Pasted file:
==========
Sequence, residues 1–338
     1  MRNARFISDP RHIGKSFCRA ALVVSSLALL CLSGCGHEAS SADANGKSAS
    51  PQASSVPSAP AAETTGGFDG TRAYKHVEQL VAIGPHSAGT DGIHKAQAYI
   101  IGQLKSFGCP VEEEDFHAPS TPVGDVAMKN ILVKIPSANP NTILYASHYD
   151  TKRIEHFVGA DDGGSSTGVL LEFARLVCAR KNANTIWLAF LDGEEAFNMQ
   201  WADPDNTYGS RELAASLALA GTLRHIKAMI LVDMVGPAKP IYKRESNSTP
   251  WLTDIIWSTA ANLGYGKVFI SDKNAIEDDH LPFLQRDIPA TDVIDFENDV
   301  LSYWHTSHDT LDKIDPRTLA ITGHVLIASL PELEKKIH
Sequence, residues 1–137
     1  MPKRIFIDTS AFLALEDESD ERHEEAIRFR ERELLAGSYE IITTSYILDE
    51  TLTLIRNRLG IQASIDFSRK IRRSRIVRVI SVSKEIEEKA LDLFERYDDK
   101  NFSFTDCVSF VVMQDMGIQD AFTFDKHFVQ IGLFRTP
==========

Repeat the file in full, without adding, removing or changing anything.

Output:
Sequence, residues 1–338
     1  MRNARFISDP RHIGKSFCRA ALVVSSLALL CLSGCGHEAS SADANGKSAS
    51  PQASSVPSAP AAETTGGFDG TRAYKHVEQL VAIGPHSAGT DGIHKAQAYI
   101  IGQLKSFGCP VEEEDFHAPS TPVGDVAMKN ILVKIPSANP NTILYASHYD
   151  TKRIEHFVGA DDGGSSTGVL LEFARLVCAR KNANTIWLAF LDGEEAFNMQ
   201  WADPDNTYGS RELAASLALA GTLRHIKAMI LVDMVGPAKP IYKRESNSTP
   251  WLTDIIWSTA ANLGYGKVFI SDKNAIEDDH LPFLQRDIPA TDVIDFENDV
   301  LSYWHTSHDT LDKIDPRTLA ITGHVLIASL PELEKKIH
Sequence, residues 1–137
     1  MPKRIFIDTS AFLALEDESD ERHEEAIRFR ERELLAGSYE IITTSYILDE
    51  TLTLIRNRLG IQASIDFSRK IRRSRIVRVI SVSKEIEEKA LDLFERYDDK
   101  NFSFTDCVSF VVMQDMGIQD AFTFDKHFVQ IGLFRTP